We have to talk.  This isn’t working out, but due to certain life circumstances we need to try to make it work.  I know you’re one of the greatest cities in the world, no one is saying you’re not, but I’m having some issues with you.

First of all, you are LOUD AS HELL.  Why do you have to be so loud ALL THE TIME?  I know you’re big and filled with (horribly mean) people, but must you be so loud all the time?  While we’re on the subject of your size, you need to chill with all the new buildings.  You had a beautiful skyline but it’s so cluttered now it’s losing its magic.  There, I said it.

Another issue you really need to get a handle on is your smell.  Dear God.  Why is that every corner I turn, even in your beautiful and EXPENSIVE neighborhoods, I am overtaken by the smell of urine?  I know it’s not really your fault our dick mayor is allowing homeless people to take over the city like maggots feasting on an animal corpse, but seriously.  It’s disgusting.  

I love that you’re filled with some of the best restaurants in the world.  Seriously, I know people who have traveled to the country of origin of certain foods and said it’s better in New York.  But why must you make everything so damn expensive?  I bought a small soup and some mango slices the other day and it was $9.00.  I don’t have that kind of soup/mango money, New York, I have to pay massive amounts of rent just to be near you.  Your sister Brooklyn is no cheap lady.  And I’m sorry to say this, but I like her better than you.  I even like your slightly less attractive cousin Queens better than you.  Don’t be upset, I still like you better than the Bronx.  We’re not even going to bring up Staten Island.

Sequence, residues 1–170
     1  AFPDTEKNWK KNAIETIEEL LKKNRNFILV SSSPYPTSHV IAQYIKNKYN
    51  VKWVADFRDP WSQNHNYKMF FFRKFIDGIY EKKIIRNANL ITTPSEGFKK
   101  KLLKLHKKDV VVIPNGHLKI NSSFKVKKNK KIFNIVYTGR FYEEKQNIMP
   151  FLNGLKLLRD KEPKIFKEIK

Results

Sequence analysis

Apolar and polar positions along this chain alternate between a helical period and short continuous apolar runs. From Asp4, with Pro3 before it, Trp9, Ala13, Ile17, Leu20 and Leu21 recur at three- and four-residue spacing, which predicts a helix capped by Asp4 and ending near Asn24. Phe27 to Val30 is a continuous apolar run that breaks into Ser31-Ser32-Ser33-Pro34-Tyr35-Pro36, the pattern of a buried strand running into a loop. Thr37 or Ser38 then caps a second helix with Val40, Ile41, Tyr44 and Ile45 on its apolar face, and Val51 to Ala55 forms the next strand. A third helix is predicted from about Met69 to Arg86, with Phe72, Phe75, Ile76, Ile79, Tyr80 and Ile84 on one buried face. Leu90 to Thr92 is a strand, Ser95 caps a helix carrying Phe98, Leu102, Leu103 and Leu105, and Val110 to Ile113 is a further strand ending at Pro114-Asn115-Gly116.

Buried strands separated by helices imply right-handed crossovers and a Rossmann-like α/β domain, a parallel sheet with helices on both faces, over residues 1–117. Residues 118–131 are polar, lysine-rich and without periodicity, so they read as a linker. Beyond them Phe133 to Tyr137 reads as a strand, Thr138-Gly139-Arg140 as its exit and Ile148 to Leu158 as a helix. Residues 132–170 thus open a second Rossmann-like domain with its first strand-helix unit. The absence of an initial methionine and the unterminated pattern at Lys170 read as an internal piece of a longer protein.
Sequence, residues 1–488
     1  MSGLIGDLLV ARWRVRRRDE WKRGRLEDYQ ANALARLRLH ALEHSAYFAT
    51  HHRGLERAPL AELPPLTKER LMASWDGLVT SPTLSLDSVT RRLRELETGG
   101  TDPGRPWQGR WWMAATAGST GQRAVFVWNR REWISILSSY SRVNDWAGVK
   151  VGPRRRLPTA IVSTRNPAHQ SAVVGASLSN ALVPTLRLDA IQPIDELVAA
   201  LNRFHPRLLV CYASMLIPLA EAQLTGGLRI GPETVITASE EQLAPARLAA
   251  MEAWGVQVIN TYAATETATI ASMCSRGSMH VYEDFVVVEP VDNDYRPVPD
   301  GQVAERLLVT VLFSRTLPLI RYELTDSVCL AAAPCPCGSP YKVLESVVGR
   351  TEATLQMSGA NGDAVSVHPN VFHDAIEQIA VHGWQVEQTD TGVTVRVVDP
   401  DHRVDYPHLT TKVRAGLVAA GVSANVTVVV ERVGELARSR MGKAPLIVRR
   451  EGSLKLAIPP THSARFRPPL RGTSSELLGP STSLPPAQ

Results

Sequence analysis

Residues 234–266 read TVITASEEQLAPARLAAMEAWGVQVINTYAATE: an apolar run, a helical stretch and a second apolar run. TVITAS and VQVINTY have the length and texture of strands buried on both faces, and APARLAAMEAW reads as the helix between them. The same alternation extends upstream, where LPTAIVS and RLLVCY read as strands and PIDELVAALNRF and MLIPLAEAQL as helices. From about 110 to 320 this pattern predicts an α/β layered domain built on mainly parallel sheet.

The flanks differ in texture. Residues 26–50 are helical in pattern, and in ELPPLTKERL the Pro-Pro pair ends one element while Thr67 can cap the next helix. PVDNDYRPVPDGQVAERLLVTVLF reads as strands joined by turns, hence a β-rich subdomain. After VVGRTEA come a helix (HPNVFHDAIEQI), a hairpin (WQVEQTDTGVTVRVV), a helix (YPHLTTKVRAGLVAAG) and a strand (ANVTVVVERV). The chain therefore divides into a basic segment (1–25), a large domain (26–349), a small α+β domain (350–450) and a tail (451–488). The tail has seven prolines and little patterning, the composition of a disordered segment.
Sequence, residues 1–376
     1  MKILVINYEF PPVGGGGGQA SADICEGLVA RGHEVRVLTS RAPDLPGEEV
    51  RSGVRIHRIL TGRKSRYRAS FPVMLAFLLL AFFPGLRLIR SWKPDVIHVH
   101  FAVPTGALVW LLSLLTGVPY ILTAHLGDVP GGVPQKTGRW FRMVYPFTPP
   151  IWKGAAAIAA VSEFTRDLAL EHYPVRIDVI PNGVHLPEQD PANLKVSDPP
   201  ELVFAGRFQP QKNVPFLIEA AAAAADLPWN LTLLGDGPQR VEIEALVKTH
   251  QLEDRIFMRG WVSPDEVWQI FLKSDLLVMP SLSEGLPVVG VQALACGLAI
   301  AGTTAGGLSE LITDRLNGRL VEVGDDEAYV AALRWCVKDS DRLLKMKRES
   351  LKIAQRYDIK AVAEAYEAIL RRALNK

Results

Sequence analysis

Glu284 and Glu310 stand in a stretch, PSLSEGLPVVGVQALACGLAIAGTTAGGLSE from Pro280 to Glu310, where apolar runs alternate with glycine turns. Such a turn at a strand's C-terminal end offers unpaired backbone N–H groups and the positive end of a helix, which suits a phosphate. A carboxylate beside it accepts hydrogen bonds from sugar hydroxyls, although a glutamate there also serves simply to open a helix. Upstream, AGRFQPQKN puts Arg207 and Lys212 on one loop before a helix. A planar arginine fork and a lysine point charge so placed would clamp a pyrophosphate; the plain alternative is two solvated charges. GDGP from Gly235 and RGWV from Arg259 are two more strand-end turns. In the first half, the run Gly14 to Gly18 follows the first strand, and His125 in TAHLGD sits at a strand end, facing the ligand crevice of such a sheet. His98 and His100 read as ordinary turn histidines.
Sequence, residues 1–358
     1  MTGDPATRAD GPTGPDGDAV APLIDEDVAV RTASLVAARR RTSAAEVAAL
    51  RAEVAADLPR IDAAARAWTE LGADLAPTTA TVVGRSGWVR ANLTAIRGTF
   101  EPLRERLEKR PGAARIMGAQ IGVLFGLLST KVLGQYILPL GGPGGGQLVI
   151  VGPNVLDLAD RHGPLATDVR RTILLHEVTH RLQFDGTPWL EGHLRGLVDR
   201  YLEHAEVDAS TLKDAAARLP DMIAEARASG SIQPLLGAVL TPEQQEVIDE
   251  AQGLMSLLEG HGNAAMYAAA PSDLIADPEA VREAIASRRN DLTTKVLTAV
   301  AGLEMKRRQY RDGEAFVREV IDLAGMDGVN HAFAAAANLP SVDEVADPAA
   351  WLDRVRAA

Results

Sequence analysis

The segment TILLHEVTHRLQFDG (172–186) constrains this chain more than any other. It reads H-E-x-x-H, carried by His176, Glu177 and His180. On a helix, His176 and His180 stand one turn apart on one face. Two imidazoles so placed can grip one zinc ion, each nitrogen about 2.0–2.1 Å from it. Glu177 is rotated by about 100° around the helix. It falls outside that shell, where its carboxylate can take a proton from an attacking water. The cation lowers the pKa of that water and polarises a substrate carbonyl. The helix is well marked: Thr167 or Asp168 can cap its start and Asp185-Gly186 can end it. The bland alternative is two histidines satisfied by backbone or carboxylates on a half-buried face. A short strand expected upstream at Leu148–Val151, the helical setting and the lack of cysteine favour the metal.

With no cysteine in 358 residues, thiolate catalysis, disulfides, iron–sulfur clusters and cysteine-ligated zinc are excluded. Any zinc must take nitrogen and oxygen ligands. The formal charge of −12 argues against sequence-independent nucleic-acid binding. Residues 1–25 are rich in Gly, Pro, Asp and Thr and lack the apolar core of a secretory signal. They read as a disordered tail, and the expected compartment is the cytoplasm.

You entice from across the river with your beautiful park and your endless array of bars and restaurants I want to explore.  But every time I try to come to see you, which I have to do five days a week anyway, you make it SO difficult.  I know you’re old, but it’s 2015, why are signal problems such an issue for you?  Even when I finally make it to you, getting around is a huge pain in the ass.  I usually travel by foot since I don’t have Uber money but you are littered with people and construction obstacles.  I hate to bring up the odor thing again, but it’s really off putting.  You should be ashamed of your subway stations.